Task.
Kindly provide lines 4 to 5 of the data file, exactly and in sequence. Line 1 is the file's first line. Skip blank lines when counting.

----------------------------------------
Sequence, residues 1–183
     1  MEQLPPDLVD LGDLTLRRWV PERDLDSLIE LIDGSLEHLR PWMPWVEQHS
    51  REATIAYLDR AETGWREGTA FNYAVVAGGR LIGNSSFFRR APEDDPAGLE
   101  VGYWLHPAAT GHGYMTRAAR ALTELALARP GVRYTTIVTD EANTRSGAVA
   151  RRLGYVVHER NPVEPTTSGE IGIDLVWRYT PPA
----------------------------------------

   101  VGYWLHPAAT GHGYMTRAAR ALTELALARP GVRYTTIVTD EANTRSGAVA
   151  RRLGYVVHER NPVEPTTSGE IGIDLVWRYT PPA